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The Curious Case of Cypriot Pottery

Cypriot pottery from the Archaic Period. On loan from Peter Mitrakas and Mary Ann Savas.

Ancient Cyprus and its pottery have not entered into the public consciousness of ancient history like Greece, Egypt or Mesopotamia have, but its culture is just as rich and complex.

Cyprus, located in the eastern Mediterranean, sat on the crossroads of the major empires and cultures of the ancient world, including Minoan Crete, Mycenaean Greece, Syria, Palestine, Egypt and Anatolia. In spite of the influence of its neighbours and the time it spent under Assyrian, Egyptian and Persian rule, it retained its own distinctive style.

Settlement on Cyprus dates back at least to the Neolithic Period (Stone Age), around 10,000 BCE. It was during the latter part of this period, known as the Ceramic Neolithic (4400/3900 - 3700 BCE) which moved into the Chalcolithic Period (Copper Age, 4000 - 2600 BCE) that we see the emergence of early pottery on the island. In the island’s north, east and west, Red-on-White decorative pottery was predominant, while in the south it was either monochrome red or monochrome red which was then combed while wet to reveal the pale clay underneath. Unlike the pottery seen on the mainland during this time, which was marked by greater regional variations, Cypriot pottery was uniquely uniform in appearance and type.

Cyprus’ transition into the Bronze Age (2600 - 1050 BCE) was accompanied by its emergence as a trading power. Its strategic location opened the island up as an economic middleman between the Egyptians, Hittites and Mycenaeans, and allowed Cyprus to amass wealth. The pottery wheel had, by this point, been invented and was in widespread use, but Cypriot potters continued to hand-craft ceramics up until 1500 BCE. This, combined with its high quality, resulted in Cypriot pottery becoming a popular commodity throughout the Mediterranean.

From the early Bronze Age, Red Polished Ware appeared and is characterised by a red or red-brown slip (liquid clay) and incised motifs, mottling or relief decorations. They appeared in a wide variety of forms that ranged from standard jugs to zoomorphic forms.

On the other side of the colour spectrum is White Painted Ware, which continued into the Iron Age (1050 - 700 BCE). Bronze Age White Painted Ware was also made through the coil technique (i.e. not wheel made) and from red or brown clay which was then covered in a pale slip. The vessels were then decorated with black, red or brown geometric or linear patterns. The vessels of this ware varied during the Iron Age in that they were now wheel-made from brown clay and then covered in a buff, brown or greenish slip.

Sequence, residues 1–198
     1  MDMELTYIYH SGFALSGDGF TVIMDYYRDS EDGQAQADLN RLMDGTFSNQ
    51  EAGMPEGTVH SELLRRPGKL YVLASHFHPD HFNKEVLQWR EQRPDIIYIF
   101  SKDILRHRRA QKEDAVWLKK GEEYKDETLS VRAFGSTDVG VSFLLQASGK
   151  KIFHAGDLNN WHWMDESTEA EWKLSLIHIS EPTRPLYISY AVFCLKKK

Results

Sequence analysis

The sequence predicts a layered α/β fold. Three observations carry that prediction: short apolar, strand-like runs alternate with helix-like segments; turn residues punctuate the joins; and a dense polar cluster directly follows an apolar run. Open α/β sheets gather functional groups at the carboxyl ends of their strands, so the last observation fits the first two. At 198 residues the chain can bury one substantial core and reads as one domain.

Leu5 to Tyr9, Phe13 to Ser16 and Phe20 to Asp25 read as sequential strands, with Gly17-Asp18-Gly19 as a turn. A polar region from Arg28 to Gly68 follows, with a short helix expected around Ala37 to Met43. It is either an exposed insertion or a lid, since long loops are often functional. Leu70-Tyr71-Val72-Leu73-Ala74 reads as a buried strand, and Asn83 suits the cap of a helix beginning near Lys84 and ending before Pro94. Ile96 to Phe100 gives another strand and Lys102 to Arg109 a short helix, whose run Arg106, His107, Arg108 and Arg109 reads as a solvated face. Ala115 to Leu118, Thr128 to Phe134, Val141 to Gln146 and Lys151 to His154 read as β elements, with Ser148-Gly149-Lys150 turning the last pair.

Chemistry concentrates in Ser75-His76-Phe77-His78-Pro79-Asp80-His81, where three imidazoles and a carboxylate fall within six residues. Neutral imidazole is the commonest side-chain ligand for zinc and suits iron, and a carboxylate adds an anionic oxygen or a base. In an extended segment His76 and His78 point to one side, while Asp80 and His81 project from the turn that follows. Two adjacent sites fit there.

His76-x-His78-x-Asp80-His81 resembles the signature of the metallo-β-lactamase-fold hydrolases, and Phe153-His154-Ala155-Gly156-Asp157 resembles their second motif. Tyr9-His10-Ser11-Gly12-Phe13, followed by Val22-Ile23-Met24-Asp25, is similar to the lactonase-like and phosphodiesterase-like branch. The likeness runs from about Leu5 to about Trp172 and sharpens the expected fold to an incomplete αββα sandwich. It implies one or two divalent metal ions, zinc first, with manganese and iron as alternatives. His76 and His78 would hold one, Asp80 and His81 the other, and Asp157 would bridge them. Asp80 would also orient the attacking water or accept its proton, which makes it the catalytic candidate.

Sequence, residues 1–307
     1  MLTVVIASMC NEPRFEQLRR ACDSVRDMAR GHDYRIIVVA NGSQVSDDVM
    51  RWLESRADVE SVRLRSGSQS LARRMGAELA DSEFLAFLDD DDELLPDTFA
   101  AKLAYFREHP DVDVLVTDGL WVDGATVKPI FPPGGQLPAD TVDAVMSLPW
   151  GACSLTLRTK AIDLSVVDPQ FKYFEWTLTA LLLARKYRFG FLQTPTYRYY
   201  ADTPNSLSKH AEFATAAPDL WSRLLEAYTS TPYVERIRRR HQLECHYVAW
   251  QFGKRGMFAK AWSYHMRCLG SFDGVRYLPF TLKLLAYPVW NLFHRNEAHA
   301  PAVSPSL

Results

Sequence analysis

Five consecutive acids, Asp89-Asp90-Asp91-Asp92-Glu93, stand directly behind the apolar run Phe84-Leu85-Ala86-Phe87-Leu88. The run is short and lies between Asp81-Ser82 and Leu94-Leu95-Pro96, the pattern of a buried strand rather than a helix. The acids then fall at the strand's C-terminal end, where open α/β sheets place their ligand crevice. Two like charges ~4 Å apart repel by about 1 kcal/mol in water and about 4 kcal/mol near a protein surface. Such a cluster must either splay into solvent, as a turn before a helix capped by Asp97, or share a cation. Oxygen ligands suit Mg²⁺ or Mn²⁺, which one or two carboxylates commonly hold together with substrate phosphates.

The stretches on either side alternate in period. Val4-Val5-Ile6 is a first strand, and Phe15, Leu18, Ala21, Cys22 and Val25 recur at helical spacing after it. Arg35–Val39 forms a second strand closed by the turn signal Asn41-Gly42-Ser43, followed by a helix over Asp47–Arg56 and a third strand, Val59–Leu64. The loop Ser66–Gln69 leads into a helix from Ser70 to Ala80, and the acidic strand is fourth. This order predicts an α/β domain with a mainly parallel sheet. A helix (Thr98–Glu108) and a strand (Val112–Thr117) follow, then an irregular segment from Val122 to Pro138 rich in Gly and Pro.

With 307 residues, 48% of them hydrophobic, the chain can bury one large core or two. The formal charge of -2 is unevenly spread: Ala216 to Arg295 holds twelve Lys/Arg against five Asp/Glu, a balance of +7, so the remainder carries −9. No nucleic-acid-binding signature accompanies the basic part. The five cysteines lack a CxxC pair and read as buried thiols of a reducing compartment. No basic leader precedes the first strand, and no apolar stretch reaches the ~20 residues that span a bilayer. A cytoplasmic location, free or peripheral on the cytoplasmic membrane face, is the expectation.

Red Polished Ware gourd jug (2100-1800 BCE).

© The Trustees of the British Museum

The White Painted Ware juglets and flasks were particularly popular, predominantly for their contents, and would have contained perfumes and oils. Red (or monochrome) and White Painted Ware are two of the three main types of pottery found throughout Cyprus during the Bronze Age; the third is Base Ring Ware. Base Ring is characterized by a thin and metallic fabric (clay composition), and is red-orange, brown, grey or black in colour.

Bilbil found in a tomb from the reign of

Tuthmosis III (1481-1425 BCE).

National Museum of Ireland.

White Painted and Base Ring juglets, known as bilbils, were shaped in such a way that it has been suggested they were made to resemble opium poppies. The comparison is also drawn from the decorative stripes on the vessel body, which have been said to look like the cuts on poppy heads that were made to draw out the sap. Limited tests have been carried out on the vessels, but some have yielded trace amounts of opium found within - whether this meant opium itself was contained inside the juglets or an emollient with the ingredient remains unclear.

Collection of juglets (bilbils) on display at the Hellenic Museum. On loan from Peter Mitrakas and Mary Ann Savas.

Between 1200 - 1050 BCE, the Bronze Age Mediterranean powers (Mycenaeans, Egypt, Hittites) were in large-scale decline or had, to some degree, collapsed. Following the decline, people migrated, taking with them their traditions and techniques; this period is known as the Geometric Period, or the early Iron Age. Pottery on Cyprus now begins to be exclusively wheel-made and becomes more standardised. White Painted and Bichrome Ware are typical of this period.

Bichrome Ware, which was also produced in the Levant and imported into Cyprus to a degree, was made from brownish clay onto which a white or buff slip was applied before being painted in red or black. Stylistically, the ware does bear a resemblance to earlier Mycenaean pottery and broadly features more human and animal figures, typical of the Geometric Period. The distinctive Black-on-Red pottery also appears, identified by their burnished appearance and simple yet striking geometric decorations.

Bichrome War amphora (750-600 BCE).

© The Trustees of the British Museum

White Painted Ware on display at the Hellenic Museum. On loan from Peter Mitrakas and Mary Ann Savas.

From here, Cyprus’ distinct pottery styles continued, even as it fell under the control of the Assyrian (708-608 BCE), Egyptian (608-546 BCE) and consequently Persian (545-499 BCE) Empires. It wasn’t until the Hellenistic period (333 BCE) that Cypriot pottery became part of a larger Hellenic style corpus, losing its earlier, and longstanding distinctiveness.

The pottery in the Cypriot Pottery collection at the Hellenic Museum are on loan from Peter Mitrakas and Mary Ann Savas.


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